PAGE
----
For the first time, CBD is welcome at the Olympics. Will cannabis be next?

(Photo by Xavier Laine/Getty Images)

The 2021 Tokyo games is the first Olympics in which athletes are permitted to use CBD, a non-psychoactive compound found in cannabis plants.

This year, some of the greatest athletes in the world, including Megan Rapinoe (women’s soccer) and Devon Allen (men’s track and field) have trained using CBD products to boost their athletic performance, thanks to a change in the World Anti-Doping Agency (WADA) policies that removed CBD from the prohibited substances list.

The use of marijuana (AKA all products containing the psychoactive compound THC) is still prohibited.

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The World Anti-Doping Agency (WADA) pulled CBD from its prohibited substances list in 2017. That change did not go into effect until January 1, 2018, though, and there was no time for athletes to incorporate CBD use into training before the Pyeongchang Winter Olympics.

Very little research has been conducted on CBD, but users generally report feeling more relaxed after using this cannabis compound, without experiencing the psychoactive effects or “high” that THC induces.

“CBD suppresses inflammatory pain,” Dr. Leigh Vinocur, a cannabis clinician, told GreenState. “It blocks the mediators of inflammation by interacting with receptors in the body associated with inflammation. Because of these properties, athletes use it during recovery after intense exercise. It’s also shown to reduce anxiety by modulating the serotonin receptors just like some of the anti-anxiety and antidepressants do, which studies have shown can help with social anxiety, performing in public, and possibly sleep.”

In an interview with Forbes, Megan Rapinoe described how she incorporated CBD into her training for Tokyo.

“CBD has become part of my all-natural recovery system that I use throughout the day to help with pain and inflammation, stabilize my mood and get better sleep. Instead of taking Advil or other pain management meds, I’ve almost exclusively substituted with Mendi CBD products,” Megan Rapinoe told Forbes. “I use them right after training, pop in a gummy or gel capsule for pain and to calm me down, then another gummy in the afternoon to relax, then the night tincture right before bed for better sleep. It’s truly part of my entire day.”

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The ”Mendi CBD” she references is a line of CBD products Rapinoe’s sister, Rachael Rapinoe, recently co-founded with Brett Schwager. It’s one of several CBD businesses that have chosen to focus on athlete-friendly CBD or “CBD isolate,” meaning it contains 0% THC.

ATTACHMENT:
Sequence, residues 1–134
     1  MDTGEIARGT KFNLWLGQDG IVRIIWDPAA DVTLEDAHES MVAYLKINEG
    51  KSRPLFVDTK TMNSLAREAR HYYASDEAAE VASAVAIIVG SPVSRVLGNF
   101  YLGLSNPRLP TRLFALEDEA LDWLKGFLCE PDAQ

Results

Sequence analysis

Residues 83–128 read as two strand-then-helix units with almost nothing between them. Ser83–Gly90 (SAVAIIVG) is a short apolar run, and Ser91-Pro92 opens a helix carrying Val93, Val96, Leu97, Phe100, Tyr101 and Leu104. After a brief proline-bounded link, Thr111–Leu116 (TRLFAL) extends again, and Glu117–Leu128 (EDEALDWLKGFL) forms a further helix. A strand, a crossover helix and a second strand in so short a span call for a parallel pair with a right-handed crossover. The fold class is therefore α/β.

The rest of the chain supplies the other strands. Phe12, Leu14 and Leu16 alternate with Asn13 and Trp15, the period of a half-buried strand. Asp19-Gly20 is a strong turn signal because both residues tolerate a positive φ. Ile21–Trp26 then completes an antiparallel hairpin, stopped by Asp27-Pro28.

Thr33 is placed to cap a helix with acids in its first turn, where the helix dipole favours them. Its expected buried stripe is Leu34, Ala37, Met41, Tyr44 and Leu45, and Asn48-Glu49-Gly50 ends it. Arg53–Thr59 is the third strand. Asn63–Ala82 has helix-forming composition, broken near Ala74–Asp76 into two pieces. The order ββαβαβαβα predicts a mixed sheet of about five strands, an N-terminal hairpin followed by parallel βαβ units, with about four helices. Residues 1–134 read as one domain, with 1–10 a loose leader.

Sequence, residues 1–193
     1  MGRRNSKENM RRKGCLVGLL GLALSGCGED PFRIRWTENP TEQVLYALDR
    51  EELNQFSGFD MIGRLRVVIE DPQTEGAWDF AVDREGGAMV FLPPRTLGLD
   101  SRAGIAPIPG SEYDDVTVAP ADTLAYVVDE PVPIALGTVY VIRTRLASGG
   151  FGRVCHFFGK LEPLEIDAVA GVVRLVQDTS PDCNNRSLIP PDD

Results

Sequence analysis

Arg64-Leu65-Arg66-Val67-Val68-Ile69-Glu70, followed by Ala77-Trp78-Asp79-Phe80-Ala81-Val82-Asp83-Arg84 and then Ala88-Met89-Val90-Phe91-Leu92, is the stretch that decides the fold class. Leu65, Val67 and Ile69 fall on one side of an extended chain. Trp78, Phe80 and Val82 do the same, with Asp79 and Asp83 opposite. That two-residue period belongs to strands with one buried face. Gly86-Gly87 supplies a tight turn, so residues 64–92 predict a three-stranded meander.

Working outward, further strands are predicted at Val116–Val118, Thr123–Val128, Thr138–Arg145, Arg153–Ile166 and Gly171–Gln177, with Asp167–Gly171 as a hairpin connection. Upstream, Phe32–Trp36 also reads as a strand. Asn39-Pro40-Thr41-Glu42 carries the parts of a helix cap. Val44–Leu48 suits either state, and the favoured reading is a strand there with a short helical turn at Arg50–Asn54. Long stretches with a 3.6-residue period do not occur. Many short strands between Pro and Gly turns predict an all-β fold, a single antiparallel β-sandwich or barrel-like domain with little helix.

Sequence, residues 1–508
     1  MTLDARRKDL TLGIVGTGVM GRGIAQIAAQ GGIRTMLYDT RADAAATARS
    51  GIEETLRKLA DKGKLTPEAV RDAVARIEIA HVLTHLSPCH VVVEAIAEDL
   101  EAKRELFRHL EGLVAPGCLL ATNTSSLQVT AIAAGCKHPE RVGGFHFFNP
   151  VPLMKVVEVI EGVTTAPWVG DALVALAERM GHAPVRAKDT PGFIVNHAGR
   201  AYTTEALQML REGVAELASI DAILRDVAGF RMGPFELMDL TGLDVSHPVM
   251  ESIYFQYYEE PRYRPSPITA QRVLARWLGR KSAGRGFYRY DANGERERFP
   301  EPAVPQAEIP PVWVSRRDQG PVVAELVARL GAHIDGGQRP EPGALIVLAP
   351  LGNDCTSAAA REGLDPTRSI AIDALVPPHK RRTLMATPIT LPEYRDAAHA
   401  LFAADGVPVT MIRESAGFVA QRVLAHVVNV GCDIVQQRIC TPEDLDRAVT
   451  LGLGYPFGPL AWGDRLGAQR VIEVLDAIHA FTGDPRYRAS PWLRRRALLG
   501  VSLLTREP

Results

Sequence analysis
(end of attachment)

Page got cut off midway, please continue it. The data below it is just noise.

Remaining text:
Other CBD lines often sell products that have a small percentage of THC in them, which makes it risky to take a drug test after use. So, businesses like Mendi have stepped in to put athletes’ minds at ease.

The introduction of CBD into the Olympic games introduces alluring advertising opportunities for CBD brands. Four members of Team USA are serving as brand ambassadors for Mendi: Megan Rapinoe, Devon Allen, Haylie McCleney (women’s softball) and Sue Bird (women’s basketball.) The U.S. Triathlon Federation also became the first-ever U.S. national governing body to partner with a CBD brand – Pure Spectrum CBD – and U.S. Weightlifting is now sponsored by the same brand.

But despite these major milestones, talk of CBD in the Tokyo games has not gone over as well as expected on social media. When her Mendi endorsement was published in Forbes in July, 2021, many Twitter-users accused WADA of hypocrisy and even racism for allowing Rapinoe, a white woman, to promote CBD while Sha’Carri Richardson, a black woman, sits out the Olympics because of testing positive for marijuana use.

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While WADA maintains that cannabis will stay on the banned substances list for this Olympics, the outcry against Richardson’s suspension – from fans on social media and even from U.S. public officials – has made many wonder how long that ban will last. In the U.S., a growing number of major sports leagues, from the National Football League (NFL) to Major League Baseball (MLB) have ceased suspending players for testing positive for cannabis.

For now, experts generally agree that CBD does not enhance athletic performance beyond what an aspirin would do. The exact effects of THC, on the other hand, are too little researched to understand how being “high” affects performance.

Though they are technically free to use it now, Forbes reported that no athlete brought CBD to Japan. Aside from the complications of bringing CBD into a foreign country, the small risk of failing a cannabis drug test because of a CBD product was enough to convince Olympians to leave their CBD at home.

Elissa Esher is Assistant Editor at GreenState. Her work has also appeared in The Boston Guardian, Brooklyn Paper, Religion Unplugged, and Iridescent Women. Send inquiries and tips to